Lai Van Manh rests in bed as his father Lai Van Bien receives guests in their house in Tuong An village, in Thai Binh province in northern Vietnam April 9, 2015. Lai Van Bien, a former intelligence officer in the Vietnamese army in the North, said that during the Vietnam War he served in an area that was heavily contaminated by Agent Orange. Lai Van Bien and his wife now care for their two physically and mentally disabled sons whose health condition the family and local officials link to the effects of Agent Orange.
7-year-old Nguyen Van Tuan Tu, who suffers from serious health problems, is looked after by a family member under a mosquito net in their house near the airport in Danang, in central Vietnam April 12, 2015. When Nguyen Van Tuan Tu's father started working at Danang International Airport in 1997, he was not aware of the health risks associated with Agent Orange and he collected fish and snails from a contaminated lake nearby for the family to eat. His first child to be born after he started working at the airport was born in 2000 and died in 2007. Nguyen Van Tuan Tu was born in 2008 with same symptoms as his late sister and doctors and parents believe their health problems are linked to the effects of Agent Orange. The couple have one healthy daughter who was born in 1995, before they started working at the airport, and she is now a university student.
7-year-old Nguyen Van Tuan Tu, who suffers from serious health problems, is looked after by a family member under a mosquito net in their house near the airport in Danang, in central Vietnam April 12, 2015. When Nguyen Van Tuan Tu's father started working at Danang International Airport in 1997, he was not aware of the health risks associated with Agent Orange and he collected fish and snails from a contaminated lake nearby for the family to eat. His first child to be born after he started working at the airport was born in 2000 and died in 2007. Nguyen Van Tuan Tu was born in 2008 with same symptoms as his late sister and doctors and parents believe their health problems are linked to the effects of Agent Orange. The couple have one healthy daughter who was born in 1995, before they started working at the airport, and she is now a university student.
Tang Thi Thang baths her disabled son Doan Van Quy outside their family home in Truc Ly, in Vietnam's Quang Binh Province April 11, 2015. Doan Van Quy's father, a soldier who served on 12.7 mm anti-aircraft guns during the Vietnam War, said he lived in several areas that were contaminated by Agent Orange. Two of his sons were born with serious health problems and the family and local health officials link their illnesses to their father's exposure to Agent Orange.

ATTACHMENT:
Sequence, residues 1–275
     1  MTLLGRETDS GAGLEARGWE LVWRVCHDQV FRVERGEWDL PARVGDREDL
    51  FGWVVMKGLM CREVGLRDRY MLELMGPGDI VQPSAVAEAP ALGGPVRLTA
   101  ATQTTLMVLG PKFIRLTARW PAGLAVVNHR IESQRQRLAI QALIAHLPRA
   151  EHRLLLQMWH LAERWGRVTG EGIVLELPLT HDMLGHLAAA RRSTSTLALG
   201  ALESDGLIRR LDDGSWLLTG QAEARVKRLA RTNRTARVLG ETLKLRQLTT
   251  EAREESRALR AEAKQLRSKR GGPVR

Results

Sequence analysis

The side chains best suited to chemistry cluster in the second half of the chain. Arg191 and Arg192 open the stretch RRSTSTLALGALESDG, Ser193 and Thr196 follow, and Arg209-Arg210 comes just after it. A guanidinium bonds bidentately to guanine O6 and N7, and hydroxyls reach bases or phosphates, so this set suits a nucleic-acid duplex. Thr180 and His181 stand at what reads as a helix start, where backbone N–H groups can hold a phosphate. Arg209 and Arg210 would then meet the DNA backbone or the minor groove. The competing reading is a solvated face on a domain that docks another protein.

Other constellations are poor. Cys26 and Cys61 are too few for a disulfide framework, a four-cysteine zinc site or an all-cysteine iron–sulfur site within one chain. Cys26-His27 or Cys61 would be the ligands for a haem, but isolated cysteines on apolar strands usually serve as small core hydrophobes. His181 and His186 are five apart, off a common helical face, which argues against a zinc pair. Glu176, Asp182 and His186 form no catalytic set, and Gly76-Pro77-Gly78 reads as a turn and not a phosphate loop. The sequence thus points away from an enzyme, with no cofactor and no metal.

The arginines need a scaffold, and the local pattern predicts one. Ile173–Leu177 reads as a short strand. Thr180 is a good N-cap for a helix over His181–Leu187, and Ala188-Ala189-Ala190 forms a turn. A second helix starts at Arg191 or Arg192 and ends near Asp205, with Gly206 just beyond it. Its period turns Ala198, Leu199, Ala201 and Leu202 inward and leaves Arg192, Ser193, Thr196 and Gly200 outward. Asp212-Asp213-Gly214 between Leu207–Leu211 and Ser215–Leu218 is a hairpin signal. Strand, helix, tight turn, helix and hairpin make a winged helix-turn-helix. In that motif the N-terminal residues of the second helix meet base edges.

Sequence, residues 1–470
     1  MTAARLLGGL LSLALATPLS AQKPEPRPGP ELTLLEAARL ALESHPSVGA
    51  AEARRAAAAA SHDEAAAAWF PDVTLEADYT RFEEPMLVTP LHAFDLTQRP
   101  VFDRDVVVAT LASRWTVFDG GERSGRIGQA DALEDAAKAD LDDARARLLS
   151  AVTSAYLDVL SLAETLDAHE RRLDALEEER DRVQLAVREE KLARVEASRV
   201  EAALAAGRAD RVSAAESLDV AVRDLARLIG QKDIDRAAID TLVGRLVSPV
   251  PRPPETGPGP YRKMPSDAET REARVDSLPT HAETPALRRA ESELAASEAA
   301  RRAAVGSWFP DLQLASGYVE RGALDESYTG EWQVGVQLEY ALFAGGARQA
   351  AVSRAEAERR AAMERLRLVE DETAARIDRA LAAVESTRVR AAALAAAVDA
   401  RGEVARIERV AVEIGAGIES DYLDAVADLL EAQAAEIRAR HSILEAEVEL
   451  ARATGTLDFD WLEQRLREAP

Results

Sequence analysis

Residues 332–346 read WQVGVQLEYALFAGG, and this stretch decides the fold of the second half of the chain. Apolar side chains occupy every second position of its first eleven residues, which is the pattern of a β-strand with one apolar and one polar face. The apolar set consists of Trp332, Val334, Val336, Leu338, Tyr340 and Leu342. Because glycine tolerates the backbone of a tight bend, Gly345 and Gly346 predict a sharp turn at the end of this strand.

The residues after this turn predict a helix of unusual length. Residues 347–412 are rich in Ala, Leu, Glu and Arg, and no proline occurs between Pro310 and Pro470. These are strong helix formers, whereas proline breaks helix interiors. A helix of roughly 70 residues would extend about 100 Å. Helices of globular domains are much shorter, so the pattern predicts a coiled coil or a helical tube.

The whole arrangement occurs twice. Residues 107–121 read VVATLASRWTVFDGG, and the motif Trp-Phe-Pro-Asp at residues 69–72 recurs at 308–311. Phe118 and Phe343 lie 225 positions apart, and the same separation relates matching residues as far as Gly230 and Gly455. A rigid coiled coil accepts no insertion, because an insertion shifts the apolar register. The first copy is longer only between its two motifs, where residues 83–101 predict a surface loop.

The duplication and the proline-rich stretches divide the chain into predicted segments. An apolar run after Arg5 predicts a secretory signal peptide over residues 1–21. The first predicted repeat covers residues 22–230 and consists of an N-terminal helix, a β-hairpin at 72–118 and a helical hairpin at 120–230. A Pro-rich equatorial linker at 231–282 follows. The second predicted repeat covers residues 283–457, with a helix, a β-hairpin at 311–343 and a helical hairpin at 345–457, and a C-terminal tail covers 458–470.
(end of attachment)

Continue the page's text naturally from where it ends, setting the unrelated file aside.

Tang Thi Thang baths her disabled son Doan Van Quy outside their family home in Truc Ly, in Vietnam's Quang Binh Province April 11, 2015. Doan Van Quy's father, a soldier who served on 12.7 mm anti-aircraft guns during the Vietnam War, said he lived in several areas that were contaminated by Agent Orange. Two of his sons were born with serious health problems and the family and local health officials link their illnesses to their father's exposure to Agent Orange.
Dang Thi Quang and her son Nguyen Van Binh are reflected in an aquarium in their home in Vietnam's Quang Binh province April 11, 2015. Nguyen Van Binh’s father, a soldier who served in the Vietnamese army's transportation unit in the North, travelled and spent time in areas known as hotspots for Agent Orange contamination.
Dang Thi Quang and her son Nguyen Van Binh are reflected in an aquarium in their home in Vietnam's Quang Binh province April 11, 2015. Nguyen Van Binh’s father, a soldier who served in the Vietnamese army's transportation unit in the North, travelled and spent time in areas known as hotspots for Agent Orange contamination.
Nguyen Thi Thiet (L) and Nguyen Thi Phuoc, who suffer from mental and physical illnesses, rest in their wheelchairs in their brother's house in Danang April 12, 2015. According to an official from the local Association for Victims of Agent Orange/Dioxin, their father was exposed to the Agent Orange while serving as a driver for the Vietnamese army in the South and his children's health conditions are linked to it.
Nguyen Thi Thiet (L) and Nguyen Thi Phuoc, who suffer from mental and physical illnesses, rest in their wheelchairs in their brother's house in Danang April 12, 2015. According to an official from the local Association for Victims of Agent Orange/Dioxin, their father was exposed to the Agent Orange while serving as a driver for the Vietnamese army in the South and his children's health conditions are linked to it.